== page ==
Nevertheless, the conclusive evidence regarding the benefits of treating non-severe hypertension for the short duration of pregnancy to prevent maternal morbidity in young women without cardiovascular disease risk is lacking, which may explain the higher blood pressure target threshold by ACOG. Moreover, with aggressive maternal blood pressure control, there are concerns of potential fetal risks due to reductions in utero-placental circulation and in utero exposure to anti-hypertensive medications. Therefore, while awaiting more conclusive data, the AHA scientific statement currently endorses shared, informed decision-making with patients regarding whether similar blood pressure targets recommended outside of pregnancy would be beneficial and safe for the mother and fetus, with attention to risk factors, including preexisting heart or kidney diseases or individuals of Black race and vulnerable ethnicity and with obesity (1).

With the emerging evidence that tighter blood pressure control during pregnancy reduces the risk of severe hypertension without increasing the risk of pregnancy loss and the increasing recognition of morbidity associated with postpartum hypertension and preeclampsia, we recommend lowering blood pressure targets for women with preexisting kidney diseases and initiating anti-hypertensive therapy when the blood pressure is ≥140/90 mm Hg. Nifedipine and labetalol remain widely used first-line drugs for effective treatment. It may also be appropriate to lower the blood pressure threshold for the diagnosis of hypertensive disorders of pregnancies to systolic ≥130 mm Hg or diastolic ≥80 mm Hg, which may better identify women at risk for developing preeclampsia and adverse pregnancy outcomes (7). Lastly, to give optimal care to women with kidney diseases and hypertensive disorders of pregnancy, close collaboration is needed among nephrologists, internists, and obstetrics and gynecology specialists.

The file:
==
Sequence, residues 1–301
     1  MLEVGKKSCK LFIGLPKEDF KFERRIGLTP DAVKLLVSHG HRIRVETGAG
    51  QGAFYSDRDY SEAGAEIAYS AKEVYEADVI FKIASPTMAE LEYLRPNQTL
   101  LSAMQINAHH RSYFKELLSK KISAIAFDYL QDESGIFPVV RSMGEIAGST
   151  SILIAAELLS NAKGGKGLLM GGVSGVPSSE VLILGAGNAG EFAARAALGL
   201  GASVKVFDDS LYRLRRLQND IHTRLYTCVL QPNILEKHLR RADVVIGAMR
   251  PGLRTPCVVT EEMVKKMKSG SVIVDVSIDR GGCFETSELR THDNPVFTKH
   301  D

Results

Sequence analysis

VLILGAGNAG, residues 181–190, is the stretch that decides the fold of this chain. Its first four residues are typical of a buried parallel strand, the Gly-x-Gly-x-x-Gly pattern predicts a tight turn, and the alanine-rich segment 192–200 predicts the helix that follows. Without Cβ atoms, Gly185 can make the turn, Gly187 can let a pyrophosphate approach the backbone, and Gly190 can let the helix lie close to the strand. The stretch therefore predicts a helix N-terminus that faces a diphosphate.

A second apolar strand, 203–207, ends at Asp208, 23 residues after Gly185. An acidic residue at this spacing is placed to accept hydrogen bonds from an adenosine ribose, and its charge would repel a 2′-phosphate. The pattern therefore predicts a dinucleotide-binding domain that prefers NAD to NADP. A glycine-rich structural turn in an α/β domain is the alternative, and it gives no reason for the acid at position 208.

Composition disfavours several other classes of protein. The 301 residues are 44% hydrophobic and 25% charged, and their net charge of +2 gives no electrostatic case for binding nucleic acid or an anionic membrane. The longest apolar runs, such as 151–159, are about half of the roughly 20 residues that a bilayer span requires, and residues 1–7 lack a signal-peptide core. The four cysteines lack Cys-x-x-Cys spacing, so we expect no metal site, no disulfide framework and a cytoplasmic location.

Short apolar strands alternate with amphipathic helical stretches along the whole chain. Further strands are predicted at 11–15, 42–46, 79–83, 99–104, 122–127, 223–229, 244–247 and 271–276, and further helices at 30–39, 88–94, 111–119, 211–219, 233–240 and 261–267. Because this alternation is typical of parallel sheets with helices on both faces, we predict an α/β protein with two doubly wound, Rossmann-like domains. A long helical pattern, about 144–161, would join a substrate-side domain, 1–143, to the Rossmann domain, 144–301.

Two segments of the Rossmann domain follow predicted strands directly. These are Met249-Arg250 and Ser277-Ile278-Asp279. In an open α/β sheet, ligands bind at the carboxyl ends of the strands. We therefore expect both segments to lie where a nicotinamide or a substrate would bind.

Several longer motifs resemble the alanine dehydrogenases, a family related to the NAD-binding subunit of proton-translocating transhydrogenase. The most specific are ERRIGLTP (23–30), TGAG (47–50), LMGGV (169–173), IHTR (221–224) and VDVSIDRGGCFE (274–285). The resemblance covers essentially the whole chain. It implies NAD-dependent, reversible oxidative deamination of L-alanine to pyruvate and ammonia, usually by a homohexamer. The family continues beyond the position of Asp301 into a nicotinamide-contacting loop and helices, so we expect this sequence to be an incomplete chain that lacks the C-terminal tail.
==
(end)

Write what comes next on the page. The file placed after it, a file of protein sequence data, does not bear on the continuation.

In conclusion, there remains a pressing need for evidence-based consensus on a global level for the diagnostic and treatment thresholds for hypertensive disorders of pregnancy. Future research and guidelines should emphasize long-term cardiovascular and kidney diseases risk assessment to further improve women's health during and after pregnancy.

References

  • 1.

    Garovic VD, et al. Hypertension in pregnancy: Diagnosis, blood pressure goals, and pharmacotherapy: A scientific statement from the American Heart Association. Hypertension 2022; 79:e21e41. doi: 10.1161/HYP.0000000000000208

    • Crossref
    • Search Google Scholar
    • Export Citation
  • 2.

    Whelton P, et al. 2017 ACC/AHA/AAPA/ABC/ACPM/AGS/APhA/ASH/ASPC/NMA/PCNA Guideline for the Prevention, Detection, Evaluation, and Management of High Blood Pressure in Adults: A report of the American College of Cardiology/American Heart Association Task Force on Clinical Practice Guidelines. Hypertension 2018; 71:e13115, doi: 10.1161/HYP.0000000000000065; Erratum in Hypertension 2018; 71:e140−e144. doi: 10.1161/HYP.0000000000000076

    • Search Google Scholar
    • Export Citation
  • 3.

    Roberts J, et al. Hypertension in pregnancy. Report of the American College of Obstetricians and Gynecologists’ Task Force on Hypertension in Pregnancy. Obstet Gynecol 2013; 122:11221131. doi: 10.1097/01.AOG.0000437382.03963.88

    • Search Google Scholar
    • Export Citation
  • 4.

    Shah S, Gupta A. Hypertensive disorders of pregnancy. Cardiol Clin 2019; 37:345354. doi: 10.1016/j.ccl.2019.04.008

  • 5.

    American College of Obstetricians and Gynecologists. ACOG Practice Bulletin No. 125: Chronic hypertension in pregnancy. Obstet Gynecol 2012; 119:396407. doi: 10.1097/AOG.0b013e318249ff06

    • Search Google Scholar
    • Export Citation
  • 6.

    Brown MA, et al. Hypertensive disorders of pregnancy: ISSHP classification, diagnosis & management recommendations for international practice. Hypertension 2018; 72:2443. doi: 10.1016/j.preghy.2018.05.004

    • Crossref
    • Search Google Scholar
    • Export Citation
  • 7.

    Bello NA, et al. Prevalence of hypertension among pregnant women when using the 2017 American College of Cardiology/American Heart Association Blood Pressure Guidelines and association with maternal and fetal outcomes. JAMA Netw Open 2021; 4:e213808. doi: 10.1001/jamanetworkopen.2021.3808

    • Crossref
    • Search Google Scholar
    • Export Citation